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Every parent knows that Walt Disney World is a great vacation destination, and they also know it is an extremely expensive one. So, what's this "free flights and stay" stuff? Glad you asked …
Recently, Marci and I realized that our soon-to-be 9-year-old daughter last experienced Disney at age 4, and she does not remember much of it. So, we made a decision: 5 nights at Disney World in Spring 2016!
Being the cost-minded guy I am, the first thing I thought was "the tickets are going to absolutely slay me, and there are no awesome discounts on those, so what can I get for free?" Air and hotel instantly leaped to my mind. And this is where having a diversified points and miles strategy really comes into play. Let me explain.
The two cards that made this whole trip possible (Chase Sapphire Preferred and Starwood American Express), both earn flexible points, which are the best kinds of points to have. I can redeem Chase Ultimate Rewards points for a fixed rate of 1.25 cents per point toward travel (through the Chase website), but I can also transfer my points to the loyalty programs of Chase partners such as Southwest, United, Hyatt, and others ( hence the "flexible" part). When I transfer my points, I can get greater value out of them (for example, Southwest is typically going to yield somewhere between 1.4 and 1.6 cents per point, which is obviously better than the 1.25 cents per point I just mentioned). For our trip, we will fly Southwest to Orlando from Atlanta, and we won't need a ton of points to do so (since Atlanta to Orlando is a low fare and southwest bases the points required on the fare), for the four of Us, we are probably looking at around 45,000 – 50,000 Southwest points to get there and back. So, our airline is covered with Chase points after we transfer them to my Southwest account. Incidentally, Starwood points can be transferred to over 30 different airlines, hence their placement in the "flexible" category. They can be used both at Starwood hotels and for a wide variety of flights.
For this Disney trip, Marci and I wanted to stay somewhere fairly nice and close to the parks without having to a) spend a ton of money or b) commit to Disney's "Deluxe" hotels, which easily run $ 300- $ 500 a night during busy seasons. As many of you Disney aficionados already know, Starwood owns the Dolphin and Swan hotels, which are on Disney property and are incredibly close to EPCOT and Hollywood Studios, but they are not actually owned by Disney. As such, I can use Starwood points toward my stay at either of these two hotels. The Swan and Dolphin hotels are Category 4 hotels, which means they cost 10,000 points per night. If I had to rely on just my points earned from my everyday spend, it would take me forever to save enough points for 5 nights one night. But, when I signed up for the card, I got 25,000 points after meeting the spend requirement. After putting $ 15,000 total on the card, I have 40,000 points, and that is enough for 5 nights … wait, I thought you just said it was 10,000 points per night, Jim! Ah, the even better part. With Starwood stays paid with points, your fifth night is free! So, 40,000 points gets me 5 nights rather than just 4.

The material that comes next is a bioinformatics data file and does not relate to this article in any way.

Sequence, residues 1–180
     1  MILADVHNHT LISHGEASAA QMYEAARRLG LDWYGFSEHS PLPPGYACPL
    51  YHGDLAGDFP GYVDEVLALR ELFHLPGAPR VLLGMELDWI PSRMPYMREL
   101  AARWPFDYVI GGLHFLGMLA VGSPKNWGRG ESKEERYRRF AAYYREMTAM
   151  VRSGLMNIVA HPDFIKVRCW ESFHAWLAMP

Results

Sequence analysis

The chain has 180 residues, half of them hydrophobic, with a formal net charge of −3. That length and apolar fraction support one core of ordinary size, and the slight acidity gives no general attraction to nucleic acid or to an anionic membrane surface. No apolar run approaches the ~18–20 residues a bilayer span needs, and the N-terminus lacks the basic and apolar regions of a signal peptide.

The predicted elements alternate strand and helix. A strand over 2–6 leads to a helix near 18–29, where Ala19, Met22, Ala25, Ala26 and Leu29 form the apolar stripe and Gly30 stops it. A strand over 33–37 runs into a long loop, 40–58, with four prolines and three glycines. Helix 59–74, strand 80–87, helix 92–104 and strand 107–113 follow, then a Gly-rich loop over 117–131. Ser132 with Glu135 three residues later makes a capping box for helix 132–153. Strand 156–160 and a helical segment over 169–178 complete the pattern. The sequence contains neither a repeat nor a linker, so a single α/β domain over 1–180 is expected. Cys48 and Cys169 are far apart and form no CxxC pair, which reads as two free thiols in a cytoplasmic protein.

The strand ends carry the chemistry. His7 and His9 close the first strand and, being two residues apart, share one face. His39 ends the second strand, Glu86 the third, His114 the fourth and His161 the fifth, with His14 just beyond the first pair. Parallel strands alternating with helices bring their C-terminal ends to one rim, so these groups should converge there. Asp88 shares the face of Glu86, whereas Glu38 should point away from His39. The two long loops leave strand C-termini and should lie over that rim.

Now, how much is this really saving me? Well, the flights (as priced today) are around $ 900 for the four of us. The hotel would be about $ 300 a night, but I also do not have to pay the tax since there is nothing to tax. So, that's between $ 1600 and $ 1700 in hotel savings right there. Note: we do have to pay a resort fee and parking (for our rental car), but to save that much for that hotel? It's a no brainer. All totaled, that's around $ 2500 in savings, which for us working families is a life saver. But as I always say … when I have saved this much on the trip, I will put some of that back into the other aspects of the vacation, eg dining, souvenirs, and tickets. I'm not looking to be a cheap skate … I am looking to live large without spending large! And so can you!
My tip for couples who want to duplicate what I am doing (assuming you are comfortable with signing up for credit cards): first, only one of you needs to apply for the Starwood American Express, though you can both apply and combine your points and reach the 40,000 point goal faster if you don't have the time to put the extra spend on one card. The other person, or both of you, can apply for the Sapphire Preferred, assuming you can meet the combined minimum spends on all of the cards. If you can't meet the spend on these cards simultaneously, then get the Starwood card first since room availability will get tougher as time goes on. Then move on to the Sapphire card. Southwest will always let you use points for their flight if a seat is available, and that is one of the reasons I love them. One last note: if Southwest is not a great option where you live, you can also transfer your Chase points to your United account (if that airline works better for you) or simply use the Chase points through Chase's travel portal for slightly less value, but unlimited flexibility.
If you want to stay on Disney property at a non-Disney hotel, then the Swan and Dolphin are just about the best you can get. With regard to the flights portion of your trip, I am merely using the Chase Sapphire Preferred as an example of how to get there. There are lots of other cards that can help you get there as well, but the point of the article is: you can have this vacation, too!